It is a great idea in theory: Harness the best talent in your roster of agencies and get them to collaborate on projects.
The potential is enormous … you stand a great chance of developing a top-shelf campaign with an integrated, cooperative feel from the beginning. You get buy-in from the best creatives in your employ, ensure that the focus is on the “work” and not on “who owns what” and extract real value for money out of those costly retainers.
It may work out that you get additional ideas generated in the competitive free-for-all — and these can be kept on the back burner, ready to go at a moment’s notice.
And while this approach is increasingly in favour with CMOs, does it actually achieve outcomes? Does it contribute to the long term viability and innovative spirit of your brand? And, importantly, does it deliver on strategic flexibility across your marketing system?
Let’s take a look at how inter-agency collaboration might play out …
First up, let’s take a look at the relative strength of position within an agency roster. Normally functions and responsibilities will be broken down into silos. Agencies hired for media may be looking for a foot-in-the-door for your digital work. The digital team will be hoping for a shot at the advertising account and the promotion group will be keen to demonstrate their strategic thinking and big picture capability. Throw in a couple of fee-for-service upstarts and even the most stable roster will adopt unruly behaviour.
To shake up things even more, you may want to take a couple of agencies out of their comfort zones … making them work on business that is outside their specialty. After all, it is quite possible that a winning idea may come out of the chaotic cauldron of collaboration.
And then it starts. What is the BIG idea? Oh, yeah … and who owns it? The bidding will begin … ideas will come thick and fast. There will be pitches, informal meetings, lunches and the offhand harbour cruise. Eventually, and quickly an idea will need to be adopted … even the deepest retainer will only cover a small investment in this style of competitive collaboration. Will this be the winner? You are hoping so.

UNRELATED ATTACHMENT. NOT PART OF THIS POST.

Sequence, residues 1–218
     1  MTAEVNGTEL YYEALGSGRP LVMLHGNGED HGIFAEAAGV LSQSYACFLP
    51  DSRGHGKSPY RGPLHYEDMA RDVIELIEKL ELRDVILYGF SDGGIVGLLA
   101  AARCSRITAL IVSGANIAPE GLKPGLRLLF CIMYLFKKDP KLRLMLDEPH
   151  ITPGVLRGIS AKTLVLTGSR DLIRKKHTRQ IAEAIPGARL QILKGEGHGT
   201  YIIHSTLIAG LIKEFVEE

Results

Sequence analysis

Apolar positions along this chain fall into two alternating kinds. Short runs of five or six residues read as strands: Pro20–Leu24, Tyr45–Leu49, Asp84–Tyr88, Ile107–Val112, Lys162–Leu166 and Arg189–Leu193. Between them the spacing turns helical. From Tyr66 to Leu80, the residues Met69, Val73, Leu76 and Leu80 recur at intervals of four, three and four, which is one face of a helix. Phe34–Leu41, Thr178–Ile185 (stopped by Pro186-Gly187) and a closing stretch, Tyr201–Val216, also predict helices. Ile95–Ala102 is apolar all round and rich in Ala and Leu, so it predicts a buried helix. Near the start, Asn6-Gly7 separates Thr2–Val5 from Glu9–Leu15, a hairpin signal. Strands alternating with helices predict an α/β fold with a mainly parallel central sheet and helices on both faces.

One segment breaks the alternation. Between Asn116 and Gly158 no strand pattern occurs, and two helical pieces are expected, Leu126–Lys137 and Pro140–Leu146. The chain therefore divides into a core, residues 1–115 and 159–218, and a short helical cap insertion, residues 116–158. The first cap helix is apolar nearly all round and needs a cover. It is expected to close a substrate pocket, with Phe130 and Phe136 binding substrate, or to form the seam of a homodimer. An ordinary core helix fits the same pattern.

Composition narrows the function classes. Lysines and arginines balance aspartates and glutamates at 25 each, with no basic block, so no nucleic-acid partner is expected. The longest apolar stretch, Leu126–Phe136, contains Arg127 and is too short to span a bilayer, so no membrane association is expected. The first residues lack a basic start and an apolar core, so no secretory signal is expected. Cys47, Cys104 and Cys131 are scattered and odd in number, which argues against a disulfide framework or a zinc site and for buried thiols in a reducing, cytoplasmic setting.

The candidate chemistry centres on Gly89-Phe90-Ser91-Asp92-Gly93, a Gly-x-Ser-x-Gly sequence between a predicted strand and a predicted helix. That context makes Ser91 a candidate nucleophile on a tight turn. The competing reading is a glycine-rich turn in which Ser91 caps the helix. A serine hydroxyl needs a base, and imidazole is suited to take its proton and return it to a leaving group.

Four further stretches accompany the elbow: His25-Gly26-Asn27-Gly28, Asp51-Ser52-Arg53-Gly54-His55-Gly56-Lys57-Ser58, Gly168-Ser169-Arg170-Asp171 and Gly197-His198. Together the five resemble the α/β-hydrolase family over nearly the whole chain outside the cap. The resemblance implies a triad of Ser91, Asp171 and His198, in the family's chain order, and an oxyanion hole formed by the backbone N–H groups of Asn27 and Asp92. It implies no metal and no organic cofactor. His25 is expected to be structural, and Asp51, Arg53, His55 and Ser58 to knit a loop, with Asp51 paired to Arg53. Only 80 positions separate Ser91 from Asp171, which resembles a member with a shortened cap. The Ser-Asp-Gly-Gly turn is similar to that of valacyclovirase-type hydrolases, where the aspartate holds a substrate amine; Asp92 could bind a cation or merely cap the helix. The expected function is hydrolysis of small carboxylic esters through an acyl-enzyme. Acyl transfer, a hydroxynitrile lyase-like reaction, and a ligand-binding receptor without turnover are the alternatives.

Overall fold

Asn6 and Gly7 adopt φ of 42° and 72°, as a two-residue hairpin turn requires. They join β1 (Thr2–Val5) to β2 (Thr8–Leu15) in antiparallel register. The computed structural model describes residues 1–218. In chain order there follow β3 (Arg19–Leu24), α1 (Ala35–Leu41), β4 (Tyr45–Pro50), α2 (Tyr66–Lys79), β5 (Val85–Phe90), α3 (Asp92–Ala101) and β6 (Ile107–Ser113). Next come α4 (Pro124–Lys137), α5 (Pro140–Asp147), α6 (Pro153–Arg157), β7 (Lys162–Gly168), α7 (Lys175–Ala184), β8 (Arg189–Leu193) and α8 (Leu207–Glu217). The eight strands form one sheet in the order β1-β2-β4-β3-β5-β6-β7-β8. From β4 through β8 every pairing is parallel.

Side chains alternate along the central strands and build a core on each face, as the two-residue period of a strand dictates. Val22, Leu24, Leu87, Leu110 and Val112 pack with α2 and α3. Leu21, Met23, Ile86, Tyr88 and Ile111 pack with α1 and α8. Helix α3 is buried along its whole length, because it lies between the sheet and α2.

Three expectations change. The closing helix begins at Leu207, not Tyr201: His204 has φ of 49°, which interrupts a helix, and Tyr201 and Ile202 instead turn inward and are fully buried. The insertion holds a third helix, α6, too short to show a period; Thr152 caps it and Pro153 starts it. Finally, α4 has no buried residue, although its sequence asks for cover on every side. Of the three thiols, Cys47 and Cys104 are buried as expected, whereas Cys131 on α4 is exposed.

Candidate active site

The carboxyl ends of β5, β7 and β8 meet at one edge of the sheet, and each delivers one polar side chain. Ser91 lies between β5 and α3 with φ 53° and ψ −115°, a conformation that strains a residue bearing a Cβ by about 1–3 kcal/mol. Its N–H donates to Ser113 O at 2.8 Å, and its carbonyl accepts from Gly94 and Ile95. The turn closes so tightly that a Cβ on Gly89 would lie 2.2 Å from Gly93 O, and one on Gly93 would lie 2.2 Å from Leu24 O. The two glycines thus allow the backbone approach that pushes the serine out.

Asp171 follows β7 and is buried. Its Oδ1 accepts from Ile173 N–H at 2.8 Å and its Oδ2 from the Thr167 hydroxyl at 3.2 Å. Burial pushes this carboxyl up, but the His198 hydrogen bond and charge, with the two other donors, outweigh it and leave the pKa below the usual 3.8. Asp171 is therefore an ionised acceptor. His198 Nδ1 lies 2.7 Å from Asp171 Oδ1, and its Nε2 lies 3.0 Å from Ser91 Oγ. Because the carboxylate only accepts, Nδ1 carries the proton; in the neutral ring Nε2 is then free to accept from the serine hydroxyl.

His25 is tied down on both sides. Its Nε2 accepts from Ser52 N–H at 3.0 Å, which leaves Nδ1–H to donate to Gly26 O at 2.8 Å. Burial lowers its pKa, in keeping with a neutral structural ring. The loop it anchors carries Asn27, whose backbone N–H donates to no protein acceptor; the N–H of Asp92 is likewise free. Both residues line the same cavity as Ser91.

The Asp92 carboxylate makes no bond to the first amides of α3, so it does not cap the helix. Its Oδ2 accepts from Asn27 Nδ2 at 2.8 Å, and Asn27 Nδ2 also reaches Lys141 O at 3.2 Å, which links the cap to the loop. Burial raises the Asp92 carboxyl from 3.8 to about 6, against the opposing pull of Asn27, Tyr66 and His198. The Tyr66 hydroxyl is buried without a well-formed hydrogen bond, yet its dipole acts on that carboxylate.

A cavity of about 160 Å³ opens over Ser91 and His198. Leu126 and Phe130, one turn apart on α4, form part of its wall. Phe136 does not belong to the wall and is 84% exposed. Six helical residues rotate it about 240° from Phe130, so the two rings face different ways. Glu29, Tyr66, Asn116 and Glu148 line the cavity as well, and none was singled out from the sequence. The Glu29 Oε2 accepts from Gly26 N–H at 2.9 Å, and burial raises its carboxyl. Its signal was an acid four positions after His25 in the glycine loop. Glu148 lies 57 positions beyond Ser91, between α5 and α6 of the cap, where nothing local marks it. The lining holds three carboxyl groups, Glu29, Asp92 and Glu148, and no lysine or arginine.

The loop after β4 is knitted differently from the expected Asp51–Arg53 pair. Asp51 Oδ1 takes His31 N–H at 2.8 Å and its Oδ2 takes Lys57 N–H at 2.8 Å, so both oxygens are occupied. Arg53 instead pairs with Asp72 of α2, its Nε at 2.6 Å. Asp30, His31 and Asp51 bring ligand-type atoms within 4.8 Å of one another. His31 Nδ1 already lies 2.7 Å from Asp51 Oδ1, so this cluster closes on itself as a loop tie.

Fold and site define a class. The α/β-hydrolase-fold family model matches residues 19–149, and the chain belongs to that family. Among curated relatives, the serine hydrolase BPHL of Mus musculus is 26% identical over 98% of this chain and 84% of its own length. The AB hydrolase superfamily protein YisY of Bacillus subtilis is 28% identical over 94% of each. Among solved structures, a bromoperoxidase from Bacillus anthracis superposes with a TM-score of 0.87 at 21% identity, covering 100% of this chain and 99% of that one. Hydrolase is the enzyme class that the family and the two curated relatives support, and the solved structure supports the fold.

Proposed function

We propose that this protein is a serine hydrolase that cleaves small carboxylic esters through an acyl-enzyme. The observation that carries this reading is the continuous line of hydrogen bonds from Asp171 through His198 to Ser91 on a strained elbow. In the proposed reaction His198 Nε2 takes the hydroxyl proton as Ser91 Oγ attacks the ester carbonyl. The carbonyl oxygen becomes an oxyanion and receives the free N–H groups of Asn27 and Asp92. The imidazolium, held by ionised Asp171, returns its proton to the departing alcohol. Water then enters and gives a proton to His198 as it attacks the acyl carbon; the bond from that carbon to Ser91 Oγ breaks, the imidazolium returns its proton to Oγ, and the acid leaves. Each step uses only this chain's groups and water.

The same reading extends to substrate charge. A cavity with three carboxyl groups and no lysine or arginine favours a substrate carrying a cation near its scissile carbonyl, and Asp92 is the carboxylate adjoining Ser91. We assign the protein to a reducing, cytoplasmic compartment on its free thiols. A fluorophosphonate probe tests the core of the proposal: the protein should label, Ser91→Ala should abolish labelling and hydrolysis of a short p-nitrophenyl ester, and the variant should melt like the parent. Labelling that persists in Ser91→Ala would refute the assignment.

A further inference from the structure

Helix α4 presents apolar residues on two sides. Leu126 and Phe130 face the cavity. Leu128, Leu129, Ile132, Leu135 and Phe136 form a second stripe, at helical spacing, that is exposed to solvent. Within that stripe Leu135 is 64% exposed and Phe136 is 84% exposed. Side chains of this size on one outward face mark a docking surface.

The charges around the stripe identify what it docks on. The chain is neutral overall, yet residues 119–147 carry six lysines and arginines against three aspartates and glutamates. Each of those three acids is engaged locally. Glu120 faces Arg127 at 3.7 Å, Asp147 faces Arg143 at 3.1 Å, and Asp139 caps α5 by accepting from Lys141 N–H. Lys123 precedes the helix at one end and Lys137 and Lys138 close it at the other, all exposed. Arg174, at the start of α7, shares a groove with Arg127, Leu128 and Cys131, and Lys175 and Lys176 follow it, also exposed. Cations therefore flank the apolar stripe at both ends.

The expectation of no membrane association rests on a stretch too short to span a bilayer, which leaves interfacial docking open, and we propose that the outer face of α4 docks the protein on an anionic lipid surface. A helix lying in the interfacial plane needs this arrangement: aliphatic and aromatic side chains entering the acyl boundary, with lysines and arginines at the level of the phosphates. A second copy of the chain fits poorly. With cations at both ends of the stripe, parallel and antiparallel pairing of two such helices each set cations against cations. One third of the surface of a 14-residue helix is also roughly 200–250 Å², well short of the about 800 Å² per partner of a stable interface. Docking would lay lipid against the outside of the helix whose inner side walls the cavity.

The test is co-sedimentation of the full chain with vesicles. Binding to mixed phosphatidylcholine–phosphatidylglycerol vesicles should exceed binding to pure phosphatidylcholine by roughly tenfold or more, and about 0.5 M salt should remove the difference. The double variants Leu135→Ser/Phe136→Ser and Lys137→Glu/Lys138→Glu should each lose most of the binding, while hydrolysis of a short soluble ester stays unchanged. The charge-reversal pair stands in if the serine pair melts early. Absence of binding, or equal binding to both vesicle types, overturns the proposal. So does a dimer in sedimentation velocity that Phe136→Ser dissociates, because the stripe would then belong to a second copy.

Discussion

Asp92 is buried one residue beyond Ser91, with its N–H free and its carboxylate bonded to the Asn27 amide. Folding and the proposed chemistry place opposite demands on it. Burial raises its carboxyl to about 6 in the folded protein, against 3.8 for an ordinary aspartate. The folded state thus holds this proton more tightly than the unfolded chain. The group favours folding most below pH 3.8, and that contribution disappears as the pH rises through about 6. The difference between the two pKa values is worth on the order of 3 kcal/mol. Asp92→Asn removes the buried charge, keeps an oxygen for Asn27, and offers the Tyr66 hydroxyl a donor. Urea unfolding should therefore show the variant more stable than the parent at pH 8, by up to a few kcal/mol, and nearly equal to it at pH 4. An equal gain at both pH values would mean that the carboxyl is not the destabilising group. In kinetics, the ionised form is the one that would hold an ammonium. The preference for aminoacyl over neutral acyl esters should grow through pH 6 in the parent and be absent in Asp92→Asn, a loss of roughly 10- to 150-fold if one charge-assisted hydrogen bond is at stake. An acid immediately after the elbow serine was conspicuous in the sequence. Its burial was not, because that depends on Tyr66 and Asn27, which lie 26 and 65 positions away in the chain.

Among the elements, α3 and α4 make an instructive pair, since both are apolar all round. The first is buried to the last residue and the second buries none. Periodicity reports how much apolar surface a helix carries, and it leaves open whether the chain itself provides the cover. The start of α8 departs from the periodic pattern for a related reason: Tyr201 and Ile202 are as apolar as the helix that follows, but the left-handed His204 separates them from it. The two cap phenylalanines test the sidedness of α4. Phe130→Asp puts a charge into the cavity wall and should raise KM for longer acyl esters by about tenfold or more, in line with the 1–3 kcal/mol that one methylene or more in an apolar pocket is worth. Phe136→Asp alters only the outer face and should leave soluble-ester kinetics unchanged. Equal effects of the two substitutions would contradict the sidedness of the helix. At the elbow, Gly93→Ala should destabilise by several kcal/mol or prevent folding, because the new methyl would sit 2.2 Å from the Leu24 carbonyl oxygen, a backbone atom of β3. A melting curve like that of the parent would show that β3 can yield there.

Now the work is divided up. There is a production line in place with dependencies up and down stream. On the conference calls and in meetings it is all vicious smiles. Pleasantries are exchanged, timelines are discussed and promises are made. But then it is time to crunch.
Delays in approvals stall the production before it starts. Snags in final copy and storyboards send the ideas back to the creative team, rewrites, rethinks and new scenarios are agreed. Time doesn’t stand still.
Misunderstandings start to filter through the teams … deliverables arrive in wrong formats, Mac and PC fonts cause creative meltdowns, budgets appear to be heaving and there is more focus on the brand than you were expecting — now the CEO wants an update. Meanwhile, the TVC editing has been proceeding apace — all looking good, with the one possible exception of missing disclaimer text. Print materials have been approved and the direct mail piece is winding up, the media slots are locked in … and the CEO briefing goes well. Now, if you can just get legal over the line …
Of course, your campaign is a huge hit. The calculated risk paid off. This time.
However, there is much that can cause damage in any collaborative process … and when it comes to inter-agency projects, the stakes are high … and the mistakes or pitfalls can have serious consequences for your brand. Things to remember include:
- When it comes to execution, everything is tactical. This means that the balance of power may shift between agencies and lead to friction.
- Rivalries don’t suddenly cease to exist. The money you save in cooperation may need to be spent in project management.
- Handovers never run to plan. Agree all formats and timings up front.
- Plan for Plan B up front. Don’t expect that just because you EXPECT collaboration that you will get cooperation.
- Establish a cross-agency steering committee and ENSURE they meet regularly (especially during production)
But what do you think? Does/can inter-agency collaboration work? Should it?